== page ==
However, my Breast Cancer presented itself not in a lump, but in the form of a cracked and bleeding, and eventually, VERY itchy, nipple. All too often, Paget's Disease gets overlooked because it is so rare. Paget's Disease accounts for about 1 percent of all Breast Cancers. About half the people who are diagnosed with Paget's Disease feel a lump, while others do not. In my case, I did not have a lump. The demographics for Paget's Disease are usually women in their 60's and also men in their 60's. Also, there is a corollary factor with women who don't have children or have them later in life and Paget's. It is said for a woman to get it in her 20's is extremely rare. I also had two children at the time too. I guess I'm a rare one!

I knew it was very rare when I was at a doctor's appointment the week I was diagnosed. I was getting a second opinion at a major teaching hospital in Chicago. The head breast surgeon there examined me, confirmed the diagnosis and then asked if her med students could come in and take a look. In the name of science and education, why not! So, in piled 15-20 med students in this little tiny room. I noticed that most of these students were my age. The surgeon, in all seriousness, began to explain to the students all the technical terms, symptoms, and things to look at when they filed by me. I felt a little like a lab rat, but hey, if by having these handful of people examine me and learn what to look for in other women, it could help save someone else's life someday, then it was all worth it! I did recall the doctor saying as they filed in and out in an assembly like fashion, "Take a good look at this and notice all the cracks, indentations, scabbing, and size. You won't probably ever again in your career see another Paget's case in a patient so young. Gina is currently 26. Remember that."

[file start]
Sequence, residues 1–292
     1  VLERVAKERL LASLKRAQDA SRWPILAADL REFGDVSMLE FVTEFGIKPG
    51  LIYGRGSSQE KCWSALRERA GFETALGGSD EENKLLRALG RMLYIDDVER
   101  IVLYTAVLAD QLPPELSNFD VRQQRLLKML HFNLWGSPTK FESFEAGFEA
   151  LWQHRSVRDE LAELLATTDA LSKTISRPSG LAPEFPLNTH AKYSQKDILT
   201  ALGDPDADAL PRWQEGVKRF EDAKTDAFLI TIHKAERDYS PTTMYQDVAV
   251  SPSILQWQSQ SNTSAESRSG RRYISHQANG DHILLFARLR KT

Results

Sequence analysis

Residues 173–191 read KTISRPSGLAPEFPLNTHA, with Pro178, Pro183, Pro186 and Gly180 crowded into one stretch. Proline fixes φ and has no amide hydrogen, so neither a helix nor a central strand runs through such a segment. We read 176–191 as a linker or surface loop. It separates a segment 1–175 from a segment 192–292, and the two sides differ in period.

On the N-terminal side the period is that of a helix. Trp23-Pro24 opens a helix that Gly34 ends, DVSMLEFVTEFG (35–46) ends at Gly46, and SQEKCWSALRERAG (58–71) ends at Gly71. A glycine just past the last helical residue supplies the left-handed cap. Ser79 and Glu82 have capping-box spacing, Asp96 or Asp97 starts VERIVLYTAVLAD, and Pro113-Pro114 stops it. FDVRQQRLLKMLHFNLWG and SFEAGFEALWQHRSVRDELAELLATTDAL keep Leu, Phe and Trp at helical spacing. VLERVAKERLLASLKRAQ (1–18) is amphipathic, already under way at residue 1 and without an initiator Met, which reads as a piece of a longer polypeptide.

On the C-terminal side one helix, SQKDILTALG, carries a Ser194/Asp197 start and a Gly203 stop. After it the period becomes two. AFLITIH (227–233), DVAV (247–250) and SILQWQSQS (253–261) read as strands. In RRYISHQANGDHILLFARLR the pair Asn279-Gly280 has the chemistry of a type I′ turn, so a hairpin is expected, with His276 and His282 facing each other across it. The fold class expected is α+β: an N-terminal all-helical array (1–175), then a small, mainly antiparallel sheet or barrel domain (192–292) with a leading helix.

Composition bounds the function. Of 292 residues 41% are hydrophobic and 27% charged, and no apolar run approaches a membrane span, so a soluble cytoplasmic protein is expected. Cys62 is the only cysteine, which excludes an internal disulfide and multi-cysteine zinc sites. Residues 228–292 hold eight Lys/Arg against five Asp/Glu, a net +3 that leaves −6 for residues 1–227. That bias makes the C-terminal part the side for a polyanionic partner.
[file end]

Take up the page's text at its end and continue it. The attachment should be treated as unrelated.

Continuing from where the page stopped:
For an entire year and two months before my diagnosis, I was misdiagnosed by four physicians (two of whom were breast specialists). I had also seen two different lactation consultants, consulted La Leche League, and finally went to go see my dermatologist. He was the only one who would finally do a biopsy and take me seriously. Most women with a cracked and bleeding nipple, while also breastfeeding, would assume that it is a nursing problem. I did at first as well, until the wound would not heal and everyone told me I was nursing correctly. I was only having problems on that one side. I was so fatigued and worn out that year. During that year I had four rounds of mastitis, rounds and rounds of steroids, antibiotics and different creams. Nothing healed my wound. It was getting worse and worse, and I was running out of patience and time. Being diagnosed was a bit of relief in a way. I finally had an answer to all the problems.